EYE ON ART: A view from above Pack Square shows the recent closing in of the upper floors of the Asheville Art Museum as the new facility nears completion. Museum leadership says the building will be an anchor for downtown, as well as a worthy permanent home for the museum’s collection. Photo courtesy of Asheville Art Museum

Asheville Art Museum builds for the past, present and future

As the city gets ready to meet the latest incarnation of the Asheville Art Museum on Pack Square, Xpress looks at the museum’s history and its plans for the future, along with cost of the building project and its effects on other Pack Place institutions to feel out what the new space will mean to Asheville and the region.

SIGNS OF PROTEST: In December, eight masked demonstrators gathered outside Gerard’s Clingman Avenue studio. Identifying themselves as Asheville Survivors Coalition members, the protesters carried a banner that read “Multiple Women Harassed or Assaulted by Jonas Gerard.”

Asheville Too: Arts community tackles taboo topic

The activist group Asheville Survivors Coalition has focused in recent months on bringing public attention to claims of unwanted sexual attention by anonymous women against artist Jonas Gerard. While some local organizations and businesses have removed Gerard’s work from their facilities in the wake of the activists’ protests, others have not. The arts community’s response has taken a variety of forms.

MAKERS MEET: Mia Hall, left, and Jerry Jackson have been selected to lead Penland School of Crafts and John C. Campbell Folk School, respectively.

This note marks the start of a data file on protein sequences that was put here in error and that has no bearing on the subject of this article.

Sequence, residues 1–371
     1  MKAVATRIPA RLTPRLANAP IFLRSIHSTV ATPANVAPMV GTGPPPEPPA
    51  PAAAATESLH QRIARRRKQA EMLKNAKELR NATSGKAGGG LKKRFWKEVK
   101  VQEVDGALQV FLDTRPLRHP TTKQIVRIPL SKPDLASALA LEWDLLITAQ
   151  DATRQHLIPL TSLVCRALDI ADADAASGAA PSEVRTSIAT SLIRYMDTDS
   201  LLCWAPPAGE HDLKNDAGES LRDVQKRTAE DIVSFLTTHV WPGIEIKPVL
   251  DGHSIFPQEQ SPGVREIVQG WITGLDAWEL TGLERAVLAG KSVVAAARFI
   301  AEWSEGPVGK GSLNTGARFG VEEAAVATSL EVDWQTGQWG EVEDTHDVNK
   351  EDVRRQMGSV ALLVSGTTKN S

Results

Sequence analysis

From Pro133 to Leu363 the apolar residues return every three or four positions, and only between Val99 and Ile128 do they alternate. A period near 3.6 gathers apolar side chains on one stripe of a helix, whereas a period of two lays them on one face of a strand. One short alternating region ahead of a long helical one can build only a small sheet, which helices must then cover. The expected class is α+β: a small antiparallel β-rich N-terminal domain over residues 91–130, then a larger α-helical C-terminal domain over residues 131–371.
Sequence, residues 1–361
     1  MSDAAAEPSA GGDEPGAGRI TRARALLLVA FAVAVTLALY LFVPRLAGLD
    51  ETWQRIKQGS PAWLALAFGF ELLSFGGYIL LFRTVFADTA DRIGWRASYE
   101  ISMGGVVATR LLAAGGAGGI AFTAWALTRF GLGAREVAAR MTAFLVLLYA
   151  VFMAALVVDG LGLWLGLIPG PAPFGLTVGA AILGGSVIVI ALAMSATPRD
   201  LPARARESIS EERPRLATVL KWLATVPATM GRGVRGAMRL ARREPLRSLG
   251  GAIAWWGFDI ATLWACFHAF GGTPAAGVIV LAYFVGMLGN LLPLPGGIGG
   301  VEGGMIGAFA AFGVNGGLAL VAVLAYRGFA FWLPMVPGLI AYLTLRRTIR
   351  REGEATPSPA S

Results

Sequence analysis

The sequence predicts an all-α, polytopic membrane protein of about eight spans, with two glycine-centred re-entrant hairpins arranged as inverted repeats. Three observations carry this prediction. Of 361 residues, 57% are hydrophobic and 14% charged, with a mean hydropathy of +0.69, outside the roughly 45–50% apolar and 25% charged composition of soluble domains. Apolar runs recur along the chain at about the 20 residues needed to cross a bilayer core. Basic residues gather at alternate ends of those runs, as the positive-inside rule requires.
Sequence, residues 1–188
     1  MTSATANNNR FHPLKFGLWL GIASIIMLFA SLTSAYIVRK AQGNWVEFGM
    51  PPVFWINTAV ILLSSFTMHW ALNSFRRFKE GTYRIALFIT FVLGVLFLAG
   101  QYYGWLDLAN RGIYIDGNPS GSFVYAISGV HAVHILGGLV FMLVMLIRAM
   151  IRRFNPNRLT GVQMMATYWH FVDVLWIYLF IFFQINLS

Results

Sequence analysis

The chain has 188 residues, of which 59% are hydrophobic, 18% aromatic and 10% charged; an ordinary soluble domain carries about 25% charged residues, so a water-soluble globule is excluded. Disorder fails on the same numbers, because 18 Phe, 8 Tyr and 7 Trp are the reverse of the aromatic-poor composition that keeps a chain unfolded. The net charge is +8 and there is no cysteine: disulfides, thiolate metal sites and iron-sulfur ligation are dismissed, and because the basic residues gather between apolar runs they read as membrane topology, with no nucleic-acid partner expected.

John C. Campbell Folk School and Penland School of Crafts appoint new leadership

It’s the season of change for two of Western North Carolina’s craft institutions. In May, John C. Campbell Folk School in Brasstown named Jerry Jackson as its new executive director. A month later, Penland School of Crafts in Penland announced that Maria “Mia” Hall would take the reigns as director, effective Jan. 1, 2018.

ROLLING ALONG: The 11th annual Tour de Pumpkin on Oct. 7 will let cyclists enjoy the countryside around Rutherfordton with tour distances of 50 or 100 kilometers. The ride is one of several cycling events that celebrate the crisp weather and brilliant colors of autumn. Photo courtesy of the Tour de Pumpkin

ICYMI: Xpress stories from the issue of Sept. 27, 2017

From the area’s largest single construction project to fall planting, Xpress has the scoop on local fall happenings. Here are some of our best stories from the previous week to keep you reading as you wait for our next issue, coming to a paper box near you on Wednesday, Oct. 4.

MOOD INDIGO: Abbey Allen, left and Alan Malpass of Asheville Aerial Arts prepare for the Asheville Area Arts Council’s Indigo Ball — the organization’s multi-party fundraiser that features a wealth of local talent. The color ball launched in 2002 and was produced in less lavish iterations over the years. The Sept. 9 event returns to original form.

AAAC’s Indigo Ball celebrates local creativity

If you’re in downtown Asheville on Saturday, Sept. 9, and see people dashing down the sidewalks in blue outfits and other formal attire, don’t be alarmed. These costumed folks are out reveling in the name of the Asheville Area Arts Council’s Indigo Color Ball, a sight unseen for two years — and in many ways, even longer.